“You go not till I set you up a glass, where you see the inmost part of you,” Hamlet says to his mother. In his years at the helm of political power, and in those shameless protests in the Palestinian territories and in Jordan that have erupted now and then in support of this terrible man, Saddam Hussein has held up a mirror for the Arabs. And the image in the mirror has never been pretty.

IT IS the luck of Saddam’s victims that he was so unusually brazen, and that he never read the balance of forces in the world beyond Iraq, Iran and the Arab order of states.

It was never fated or maktoob (written), as the Arabs would say, that Saddam would be flushed out of a spider hole by American soldiers, and that he would be condemned to “execution by hanging until death”, as the appeal court in his country ruled. Had he let well enough alone, had he read America’s mood after September 11, 2001, he might have been able to stay out of harm’s way.

On Saddam’s western border, his nemesis Hafez Assad, like him a man who had risen from obscurity and poverty to the commanding heights of political power, and very much in Saddam’s mould in his attitude toward authority and dissent, died in power, a natural death. Syria gave Assad a grand funeral and had no choice but to acquiesce to the succession of his son.

The Syrian despot had been careful not to offend the Powers. He had all but erased an international frontier, stripped the small Lebanese republic of much of its independence. But he had done it over the course of two long decades, and he had done it, it has to be sadly admitted, with a green light granted him by the Pax Americana in 1990-91, a reward for riding with the posse that Bush the Elder had assembled to evict Saddam from Kuwait.

Assad’s caution may have been the temper of the man. Conceivably, it was also the caution of his community of Alawites, an esoteric faith of the insular Syrian mountains.

Saddam lacked the guile that might have spared him. His military machine was all rust and decay, but he swaggered and let the world think that he had perfected a deadly arsenal of weapons of mass destruction.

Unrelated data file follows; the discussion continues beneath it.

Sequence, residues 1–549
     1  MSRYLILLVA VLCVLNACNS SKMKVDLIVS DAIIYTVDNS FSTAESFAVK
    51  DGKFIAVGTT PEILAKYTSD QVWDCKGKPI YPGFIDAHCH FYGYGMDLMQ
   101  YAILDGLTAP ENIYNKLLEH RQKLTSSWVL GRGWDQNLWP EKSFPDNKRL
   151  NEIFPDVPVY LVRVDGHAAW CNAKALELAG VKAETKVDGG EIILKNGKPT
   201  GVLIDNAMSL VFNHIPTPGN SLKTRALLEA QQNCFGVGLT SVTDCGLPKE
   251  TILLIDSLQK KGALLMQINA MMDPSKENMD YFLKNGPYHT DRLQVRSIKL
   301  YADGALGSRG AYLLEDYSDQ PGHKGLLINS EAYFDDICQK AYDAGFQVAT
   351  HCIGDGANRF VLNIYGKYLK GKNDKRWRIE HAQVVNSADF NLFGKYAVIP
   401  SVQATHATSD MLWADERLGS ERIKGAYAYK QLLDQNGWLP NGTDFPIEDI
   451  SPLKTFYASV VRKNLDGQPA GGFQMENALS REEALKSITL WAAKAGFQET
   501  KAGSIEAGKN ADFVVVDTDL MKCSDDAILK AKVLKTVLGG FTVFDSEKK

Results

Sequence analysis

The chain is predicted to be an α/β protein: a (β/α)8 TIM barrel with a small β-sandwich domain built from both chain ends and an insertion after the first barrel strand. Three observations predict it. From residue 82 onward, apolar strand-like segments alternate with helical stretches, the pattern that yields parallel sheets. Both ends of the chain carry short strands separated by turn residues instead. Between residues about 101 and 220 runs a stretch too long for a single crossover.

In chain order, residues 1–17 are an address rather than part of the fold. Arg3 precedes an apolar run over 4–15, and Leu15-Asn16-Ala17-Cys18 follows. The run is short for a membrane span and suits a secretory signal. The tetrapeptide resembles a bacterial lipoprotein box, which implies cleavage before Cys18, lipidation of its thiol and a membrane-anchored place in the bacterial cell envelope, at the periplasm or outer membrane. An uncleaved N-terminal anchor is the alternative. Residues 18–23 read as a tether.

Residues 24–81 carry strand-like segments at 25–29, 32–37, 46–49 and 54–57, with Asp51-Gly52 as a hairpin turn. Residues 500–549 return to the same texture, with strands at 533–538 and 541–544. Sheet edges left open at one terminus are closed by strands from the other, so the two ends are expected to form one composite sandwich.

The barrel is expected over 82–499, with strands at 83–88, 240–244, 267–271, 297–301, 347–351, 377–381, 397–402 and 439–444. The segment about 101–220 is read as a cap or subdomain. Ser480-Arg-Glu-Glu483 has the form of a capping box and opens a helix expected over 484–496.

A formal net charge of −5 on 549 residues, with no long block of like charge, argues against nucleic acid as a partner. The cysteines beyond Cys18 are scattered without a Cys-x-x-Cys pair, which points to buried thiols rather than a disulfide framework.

A great military expedition was being readied against him in Washington and London, but he gambled to the bitter end that the American leader would not pull the trigger. It never dawned on him that the mood had darkened in Washington after 9/11, and that the military response that had begun in Kabul was heading his way.

It did not really matter that Saddam Hussein had not been directly implicated in the terrors of 9/11, and that those terrors had had their origins in the political cultures of Egypt and the Arabian peninsula. Truth be told, Saddam had drawn the short straw.

Kabul and the Taliban had not sufficed, the campaign against radical Islamism had to make its way to the Arab wellsprings of jihadism. Egypt and Saudi Arabia were off limits; they lay within the American orbit. Saddam’s regime was the perfect target of opportunity — menacing but in reality weak and isolated. He was a Wizard of Oz; behind the curtain his realm was a domain of make-believe.

The Iraq war may now be an orphan in the court of American opinion. But on the eve of it well over 70% of the American public favoured upending Saddam’s regime.

In retrospect, the scaffolding of the war would come under steady attack, and the critics would maintain that there had been no operational links between Saddam and Al-Qaeda. But those fine distinctions had no standing and no force in the countdown to war. It was Saddam’s fault that he drew attention, and fire, when ducking for cover would have been the better part of wisdom.

It will be said on the “Arab street” and by the critics of the Iraq war worldwide, that this verdict, and the entire judicial process that issued the death sentence, were an affair of the American occupation, cut to America’s political needs. Iraqis from Kurdistan to Basra will pay these quibbles no heed.

If it took a foreign war to bring about this justice, and to introduce into Arab politics the principle of political accountability, so be it.

So much of the political and economic life of the Arabs today — the satellite television channels railing against the West, the intellectuals who condemn the West in perfectly good western idiom, the oil industry that sustains practically all that plays out in the region — has its origins in western lands.

Nuremberg, too, was the victor’s justice. The Iraqis who endured the tyranny while the world averted its gaze from their suffering are owed their moment of satisfaction.
Fouad Ajami is the author of The Foreigner’s Gift: The Americans, the Arabs, and the Iraqis in Iraq. He teaches at Johns Hopkins University


King Saddam meets his end

Barry Rubin